Sam Bick

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Sam Bick
Personal information
Date of birth (1955-01-30) January 30, 1955 (age 64)
Place of birth St. Louis, Missouri, United States
Playing position Midfielder
Youth career
1972–1975 Quincy University
Senior career*
Years Team Apps (Gls)
1976–1978 Minnesota Kicks 29 (0)
1979–1980 San Jose Earthquakes 31 (1)
1979–1987 St. Louis Steamers (indoor) 300 (41)
Total 360 (42)
National team
1976 United States 2 (0)
* Senior club appearances and goals counted for the domestic league only

Sam Bick (born St. Louis, Missouri) is a former American soccer midfielder. He spent nine seasons in the North American Soccer League and seven seasons in the Major Indoor Soccer League. He also earned two caps with the United States men's national soccer team in 1976.

Youth and college[edit]

Bick grew up in St. Louis, Missouri where he played in the St. Louis Celtics youth club and for De Smet Jesuit High School. He then attended Quincy University, playing on the men’s soccer team from 1972 to 1975. In 1973, 1974 and 1975 Quincy won the NAIA Championship. Bick not only experienced success with his team, he also experienced personal recognition, earning both NAIA All Tournament and first team All American recognition in 1975. He graduated from Quincy in 1976 and was selected to the Quincy Athletic Hall of Fame in 1984.[1]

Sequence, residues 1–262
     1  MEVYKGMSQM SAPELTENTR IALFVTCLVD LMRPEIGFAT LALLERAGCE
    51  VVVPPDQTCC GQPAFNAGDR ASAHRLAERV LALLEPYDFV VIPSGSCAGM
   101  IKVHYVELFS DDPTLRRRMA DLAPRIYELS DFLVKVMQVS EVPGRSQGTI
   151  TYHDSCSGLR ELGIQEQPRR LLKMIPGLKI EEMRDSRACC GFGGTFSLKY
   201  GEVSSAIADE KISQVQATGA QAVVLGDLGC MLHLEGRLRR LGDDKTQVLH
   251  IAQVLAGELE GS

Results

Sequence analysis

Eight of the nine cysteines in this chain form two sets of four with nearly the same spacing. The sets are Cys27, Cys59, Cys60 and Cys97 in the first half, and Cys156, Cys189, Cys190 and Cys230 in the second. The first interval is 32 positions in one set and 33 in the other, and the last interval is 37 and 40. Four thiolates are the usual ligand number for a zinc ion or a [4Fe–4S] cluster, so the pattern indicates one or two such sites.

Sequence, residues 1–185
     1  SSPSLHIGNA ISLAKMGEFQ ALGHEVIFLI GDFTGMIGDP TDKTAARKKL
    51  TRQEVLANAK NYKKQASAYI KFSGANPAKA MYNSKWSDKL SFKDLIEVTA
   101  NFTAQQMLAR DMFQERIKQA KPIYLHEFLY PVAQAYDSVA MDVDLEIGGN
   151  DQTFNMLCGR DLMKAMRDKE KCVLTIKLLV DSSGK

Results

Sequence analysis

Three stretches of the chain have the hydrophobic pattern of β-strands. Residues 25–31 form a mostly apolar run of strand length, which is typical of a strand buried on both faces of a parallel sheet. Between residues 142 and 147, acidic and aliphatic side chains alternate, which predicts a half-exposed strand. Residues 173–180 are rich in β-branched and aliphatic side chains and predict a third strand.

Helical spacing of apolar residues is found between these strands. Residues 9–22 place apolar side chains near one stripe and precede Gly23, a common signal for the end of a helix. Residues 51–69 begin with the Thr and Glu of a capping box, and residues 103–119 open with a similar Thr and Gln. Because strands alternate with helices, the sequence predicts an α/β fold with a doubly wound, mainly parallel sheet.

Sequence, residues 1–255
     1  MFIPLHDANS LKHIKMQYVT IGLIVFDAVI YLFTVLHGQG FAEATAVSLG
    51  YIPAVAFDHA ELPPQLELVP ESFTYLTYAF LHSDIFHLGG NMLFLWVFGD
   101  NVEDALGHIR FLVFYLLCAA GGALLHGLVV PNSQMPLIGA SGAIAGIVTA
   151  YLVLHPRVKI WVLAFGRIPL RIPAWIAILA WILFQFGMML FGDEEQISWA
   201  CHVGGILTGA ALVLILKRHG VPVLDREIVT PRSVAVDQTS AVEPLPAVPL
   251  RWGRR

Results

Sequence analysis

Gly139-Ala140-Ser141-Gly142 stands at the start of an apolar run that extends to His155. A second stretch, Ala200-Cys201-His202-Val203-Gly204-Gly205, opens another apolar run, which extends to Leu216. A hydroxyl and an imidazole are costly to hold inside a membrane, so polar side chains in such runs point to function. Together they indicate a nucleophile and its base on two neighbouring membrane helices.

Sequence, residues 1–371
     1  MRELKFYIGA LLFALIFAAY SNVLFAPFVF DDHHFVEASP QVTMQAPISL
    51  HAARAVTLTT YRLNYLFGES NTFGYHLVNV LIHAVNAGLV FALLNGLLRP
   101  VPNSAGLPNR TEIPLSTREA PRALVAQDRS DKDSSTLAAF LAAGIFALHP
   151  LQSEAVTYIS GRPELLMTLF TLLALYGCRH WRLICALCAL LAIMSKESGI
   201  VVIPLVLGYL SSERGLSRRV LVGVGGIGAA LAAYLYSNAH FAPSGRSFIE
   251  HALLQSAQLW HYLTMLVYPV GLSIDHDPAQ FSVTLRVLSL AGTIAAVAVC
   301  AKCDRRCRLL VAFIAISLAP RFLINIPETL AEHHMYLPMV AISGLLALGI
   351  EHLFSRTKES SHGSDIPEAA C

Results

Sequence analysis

In 1976, the Minnesota Kicks signed Bick. He played three seasons with the Kicks before moving to the San Jose Earthquakes in 1979. He played two seasons with the Earthquakes, leaving the NASL in 1980. After leaving the Earthquakes at the end of the 1980 season, Bick signed with the St. Louis Steamers of Major Indoor Soccer League (MISL). He remained with the Steamers until they folded at the end of the 1987-1988 season, becoming the team captain in 1984 after Steve Pecher broke his leg.

National team[edit]

Bick earned two caps with the U.S. national team in 1976. His first game came in a scoreless tie with Mexico in an October 3, 1976 World Cup qualifier. He was subbed out for Steve Ralbovsky in the 58th minute. He then played in another scoreless tie with Haiti on November 12, 1976.[2]


External links[edit]